I've always tried to design projects that engage people and grow beyond my own authorship. It is the sum total of everybody's engagement and interaction that creates a truly collaborative project. And so when I went to the camps and I lived with families and I got to know them, I was truly amazed by the success of the women's structured cooperation. They are living in the hottest part of the Sahara where no food can grow and they have to, not only to feed their people, but also keep Sahrawi tradition, culture, and history alive for their children who were born there and have never set foot in their own homeland, in their own country. The Sahrawi people are patriotic, proud and happy in this unbridled way that--I mean, it's a very complicated question--but their sense of purpose, creativity, intelligence, and effort are all directed toward and motivated by one common goal--survival. Every effort is a total commitment.
Here's an example of what I'm talking about in terms of food. I followed the women when they would pick up supplies from humanitarian aid announced that day on posters at the main square. A monthly ration of flour or onions would be dropped out of trucks at a specific time and place. They would help each other carry these huge bags of provisions to each other's homes. If one person had a sore leg, then her neighbors would assume the responsibility without hesitation. In my home in Camp 27, my hostess Salma Ali had a wounded arm and couldn't make bread in the morning, so her friend Galia made two loaves every morning--one for her family and one for us ... and that's just the way it is.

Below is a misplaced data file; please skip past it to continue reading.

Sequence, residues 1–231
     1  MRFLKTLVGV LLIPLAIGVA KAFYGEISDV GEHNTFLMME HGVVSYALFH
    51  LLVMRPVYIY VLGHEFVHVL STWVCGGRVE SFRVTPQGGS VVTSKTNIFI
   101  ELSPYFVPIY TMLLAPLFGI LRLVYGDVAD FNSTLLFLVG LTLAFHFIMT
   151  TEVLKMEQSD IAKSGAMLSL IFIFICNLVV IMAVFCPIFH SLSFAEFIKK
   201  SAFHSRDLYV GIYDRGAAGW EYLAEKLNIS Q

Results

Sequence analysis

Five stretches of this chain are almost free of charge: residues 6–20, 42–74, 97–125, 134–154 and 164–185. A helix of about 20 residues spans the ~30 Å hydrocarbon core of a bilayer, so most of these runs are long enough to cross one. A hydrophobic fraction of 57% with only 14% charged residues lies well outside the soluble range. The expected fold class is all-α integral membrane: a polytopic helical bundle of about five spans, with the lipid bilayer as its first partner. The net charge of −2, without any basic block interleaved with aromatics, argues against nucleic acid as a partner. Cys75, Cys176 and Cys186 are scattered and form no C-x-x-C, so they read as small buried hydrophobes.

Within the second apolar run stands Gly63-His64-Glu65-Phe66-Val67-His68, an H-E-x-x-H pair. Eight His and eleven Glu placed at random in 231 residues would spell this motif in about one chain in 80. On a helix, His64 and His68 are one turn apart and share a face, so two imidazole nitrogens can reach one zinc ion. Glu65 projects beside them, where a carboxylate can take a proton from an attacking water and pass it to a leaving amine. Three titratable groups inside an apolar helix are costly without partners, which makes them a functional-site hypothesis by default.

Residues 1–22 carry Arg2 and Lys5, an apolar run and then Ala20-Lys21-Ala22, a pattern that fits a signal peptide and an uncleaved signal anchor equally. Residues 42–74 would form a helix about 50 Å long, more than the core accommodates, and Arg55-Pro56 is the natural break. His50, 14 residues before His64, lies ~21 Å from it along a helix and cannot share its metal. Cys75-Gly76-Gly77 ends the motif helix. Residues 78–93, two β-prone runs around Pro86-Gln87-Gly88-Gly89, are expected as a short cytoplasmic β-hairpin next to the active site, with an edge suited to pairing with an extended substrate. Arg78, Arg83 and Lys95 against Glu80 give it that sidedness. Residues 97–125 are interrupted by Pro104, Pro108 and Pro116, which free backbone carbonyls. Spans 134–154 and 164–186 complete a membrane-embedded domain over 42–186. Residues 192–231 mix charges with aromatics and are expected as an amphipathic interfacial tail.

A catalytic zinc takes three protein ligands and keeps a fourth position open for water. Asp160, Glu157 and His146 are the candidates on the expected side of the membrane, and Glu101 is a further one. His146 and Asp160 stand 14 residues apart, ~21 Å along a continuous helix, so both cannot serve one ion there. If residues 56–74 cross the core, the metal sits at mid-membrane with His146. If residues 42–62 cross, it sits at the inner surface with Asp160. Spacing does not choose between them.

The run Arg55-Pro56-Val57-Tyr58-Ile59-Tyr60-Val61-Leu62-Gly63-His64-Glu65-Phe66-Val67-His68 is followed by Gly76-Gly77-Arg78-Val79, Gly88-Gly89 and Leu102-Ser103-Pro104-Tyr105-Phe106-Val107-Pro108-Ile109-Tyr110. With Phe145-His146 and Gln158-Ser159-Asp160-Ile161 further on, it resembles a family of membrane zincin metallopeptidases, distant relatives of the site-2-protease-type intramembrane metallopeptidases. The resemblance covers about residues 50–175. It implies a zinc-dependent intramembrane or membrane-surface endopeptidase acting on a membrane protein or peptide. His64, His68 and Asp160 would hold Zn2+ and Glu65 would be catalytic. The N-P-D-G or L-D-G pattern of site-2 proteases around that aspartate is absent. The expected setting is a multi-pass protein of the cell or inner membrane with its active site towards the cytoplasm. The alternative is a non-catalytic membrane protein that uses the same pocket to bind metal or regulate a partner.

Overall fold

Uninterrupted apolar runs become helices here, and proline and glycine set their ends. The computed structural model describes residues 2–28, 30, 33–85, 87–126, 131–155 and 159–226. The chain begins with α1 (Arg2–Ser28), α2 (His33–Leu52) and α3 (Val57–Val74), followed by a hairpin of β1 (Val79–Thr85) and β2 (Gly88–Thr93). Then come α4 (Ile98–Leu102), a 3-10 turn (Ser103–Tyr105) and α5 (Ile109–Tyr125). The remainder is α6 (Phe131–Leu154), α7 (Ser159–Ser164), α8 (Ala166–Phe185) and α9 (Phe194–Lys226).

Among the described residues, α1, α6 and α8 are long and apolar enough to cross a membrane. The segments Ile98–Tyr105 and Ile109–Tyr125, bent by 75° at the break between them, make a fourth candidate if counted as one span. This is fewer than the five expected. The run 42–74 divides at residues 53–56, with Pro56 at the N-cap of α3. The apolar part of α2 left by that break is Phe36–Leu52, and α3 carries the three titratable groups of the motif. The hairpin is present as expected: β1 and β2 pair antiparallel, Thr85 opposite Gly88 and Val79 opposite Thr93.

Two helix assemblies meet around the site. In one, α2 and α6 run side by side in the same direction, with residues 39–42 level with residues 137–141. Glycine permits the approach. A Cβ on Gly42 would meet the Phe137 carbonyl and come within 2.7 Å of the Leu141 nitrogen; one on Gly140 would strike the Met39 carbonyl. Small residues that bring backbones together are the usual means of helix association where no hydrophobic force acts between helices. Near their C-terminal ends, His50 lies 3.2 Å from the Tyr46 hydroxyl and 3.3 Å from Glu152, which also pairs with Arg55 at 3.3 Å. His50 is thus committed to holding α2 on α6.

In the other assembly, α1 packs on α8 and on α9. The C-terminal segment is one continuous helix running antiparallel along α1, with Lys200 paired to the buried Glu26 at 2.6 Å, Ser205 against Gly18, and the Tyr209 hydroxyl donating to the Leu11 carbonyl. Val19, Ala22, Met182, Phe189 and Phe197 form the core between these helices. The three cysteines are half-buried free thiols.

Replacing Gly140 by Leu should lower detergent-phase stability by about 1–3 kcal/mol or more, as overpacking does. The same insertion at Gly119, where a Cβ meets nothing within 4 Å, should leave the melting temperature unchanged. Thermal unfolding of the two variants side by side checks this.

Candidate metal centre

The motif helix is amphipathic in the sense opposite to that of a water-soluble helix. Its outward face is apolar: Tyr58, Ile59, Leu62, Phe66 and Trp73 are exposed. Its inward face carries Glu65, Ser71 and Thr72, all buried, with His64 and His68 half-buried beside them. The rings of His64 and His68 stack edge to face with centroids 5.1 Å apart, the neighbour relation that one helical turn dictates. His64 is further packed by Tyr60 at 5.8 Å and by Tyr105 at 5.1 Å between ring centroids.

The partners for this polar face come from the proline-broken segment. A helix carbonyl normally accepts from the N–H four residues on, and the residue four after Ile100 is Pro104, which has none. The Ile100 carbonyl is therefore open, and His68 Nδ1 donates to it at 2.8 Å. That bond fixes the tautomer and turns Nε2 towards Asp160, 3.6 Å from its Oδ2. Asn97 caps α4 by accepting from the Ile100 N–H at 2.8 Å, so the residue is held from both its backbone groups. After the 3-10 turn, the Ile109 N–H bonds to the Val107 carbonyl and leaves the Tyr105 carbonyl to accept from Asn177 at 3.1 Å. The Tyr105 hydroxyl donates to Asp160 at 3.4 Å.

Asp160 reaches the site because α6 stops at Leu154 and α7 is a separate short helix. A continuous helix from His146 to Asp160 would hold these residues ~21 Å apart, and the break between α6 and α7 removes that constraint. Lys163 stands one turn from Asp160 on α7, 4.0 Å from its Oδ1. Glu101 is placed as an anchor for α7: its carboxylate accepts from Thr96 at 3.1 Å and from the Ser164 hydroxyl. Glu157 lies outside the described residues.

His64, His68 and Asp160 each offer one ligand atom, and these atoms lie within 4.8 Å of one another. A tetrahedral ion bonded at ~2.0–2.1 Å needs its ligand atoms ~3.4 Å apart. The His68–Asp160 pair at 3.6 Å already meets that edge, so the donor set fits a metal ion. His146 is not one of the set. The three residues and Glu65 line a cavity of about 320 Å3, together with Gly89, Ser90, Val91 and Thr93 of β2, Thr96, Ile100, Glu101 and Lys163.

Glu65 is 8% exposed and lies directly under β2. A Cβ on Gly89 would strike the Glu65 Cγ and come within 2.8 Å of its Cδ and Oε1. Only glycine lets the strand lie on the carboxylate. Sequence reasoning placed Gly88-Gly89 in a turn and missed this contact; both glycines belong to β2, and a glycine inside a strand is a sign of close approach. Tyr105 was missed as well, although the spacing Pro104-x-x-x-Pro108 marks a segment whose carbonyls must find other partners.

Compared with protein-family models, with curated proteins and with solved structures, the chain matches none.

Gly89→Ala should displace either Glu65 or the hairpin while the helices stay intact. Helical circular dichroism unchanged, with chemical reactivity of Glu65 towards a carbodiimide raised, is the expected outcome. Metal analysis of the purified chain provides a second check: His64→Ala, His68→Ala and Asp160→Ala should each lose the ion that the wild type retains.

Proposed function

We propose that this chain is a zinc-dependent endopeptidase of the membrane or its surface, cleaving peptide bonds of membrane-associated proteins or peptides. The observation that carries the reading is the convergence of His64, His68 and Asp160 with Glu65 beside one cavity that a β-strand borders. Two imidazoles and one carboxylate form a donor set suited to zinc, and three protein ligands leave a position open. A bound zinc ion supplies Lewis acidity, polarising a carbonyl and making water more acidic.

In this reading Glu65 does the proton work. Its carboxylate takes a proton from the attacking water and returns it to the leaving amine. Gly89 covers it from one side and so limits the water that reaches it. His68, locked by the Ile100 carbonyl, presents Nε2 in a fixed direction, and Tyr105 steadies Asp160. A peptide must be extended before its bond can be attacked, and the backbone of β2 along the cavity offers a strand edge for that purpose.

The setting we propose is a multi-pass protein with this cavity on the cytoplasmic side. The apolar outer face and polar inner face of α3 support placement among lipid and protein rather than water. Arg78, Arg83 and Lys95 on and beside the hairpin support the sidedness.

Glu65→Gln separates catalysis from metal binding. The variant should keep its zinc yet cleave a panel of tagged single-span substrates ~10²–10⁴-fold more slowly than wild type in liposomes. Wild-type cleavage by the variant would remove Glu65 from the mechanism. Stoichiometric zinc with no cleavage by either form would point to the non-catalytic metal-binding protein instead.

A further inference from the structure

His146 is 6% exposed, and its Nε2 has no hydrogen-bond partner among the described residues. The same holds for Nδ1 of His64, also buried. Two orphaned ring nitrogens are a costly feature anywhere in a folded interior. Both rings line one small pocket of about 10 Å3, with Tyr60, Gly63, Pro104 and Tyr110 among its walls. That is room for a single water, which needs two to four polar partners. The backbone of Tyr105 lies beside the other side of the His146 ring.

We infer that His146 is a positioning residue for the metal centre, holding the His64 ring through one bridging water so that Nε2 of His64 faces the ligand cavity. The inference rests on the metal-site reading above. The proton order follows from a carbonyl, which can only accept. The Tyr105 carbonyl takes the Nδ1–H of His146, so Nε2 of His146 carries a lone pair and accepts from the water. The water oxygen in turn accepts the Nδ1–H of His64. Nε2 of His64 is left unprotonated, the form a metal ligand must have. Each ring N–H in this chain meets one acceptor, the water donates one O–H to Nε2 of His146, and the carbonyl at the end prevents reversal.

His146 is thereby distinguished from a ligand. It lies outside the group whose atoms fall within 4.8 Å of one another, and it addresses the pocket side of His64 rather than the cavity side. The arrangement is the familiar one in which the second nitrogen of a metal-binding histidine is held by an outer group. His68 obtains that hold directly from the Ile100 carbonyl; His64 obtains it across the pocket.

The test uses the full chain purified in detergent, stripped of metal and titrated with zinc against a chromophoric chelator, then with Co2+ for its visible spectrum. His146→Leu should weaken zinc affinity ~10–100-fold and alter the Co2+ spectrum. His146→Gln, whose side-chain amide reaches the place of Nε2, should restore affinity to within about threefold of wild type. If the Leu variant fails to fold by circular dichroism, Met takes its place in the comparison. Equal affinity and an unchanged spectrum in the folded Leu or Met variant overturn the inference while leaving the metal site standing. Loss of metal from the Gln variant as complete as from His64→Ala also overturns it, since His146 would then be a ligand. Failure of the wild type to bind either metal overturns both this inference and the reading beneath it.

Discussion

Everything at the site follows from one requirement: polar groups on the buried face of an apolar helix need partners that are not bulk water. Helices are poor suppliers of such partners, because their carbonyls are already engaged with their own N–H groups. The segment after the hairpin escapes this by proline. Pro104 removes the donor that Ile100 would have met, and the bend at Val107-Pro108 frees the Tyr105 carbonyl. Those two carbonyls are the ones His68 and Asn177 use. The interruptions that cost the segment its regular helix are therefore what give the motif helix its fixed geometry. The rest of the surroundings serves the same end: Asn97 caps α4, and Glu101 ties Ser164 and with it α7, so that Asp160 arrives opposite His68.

Each family is issued a standard UN white tent. So from the outside, they all look the same. But once you go inside, each home is so unique, so colorful and comfortable, and all handmade! Consistent with their Berber origin, this tent or "Jaima" functions as the center of family life. This is where everyone takes their meals together, which is a very long time honored process. It begins with a long tea ceremony where, in between multiple brewings, you relax, play or enjoy music. Then large plates of food arrive. As you share various inventive and delicious dishes, you start talking about who you are and they start telling you their story. In between helpings, you might break off into smaller conversations or grab a pillow and take a nap.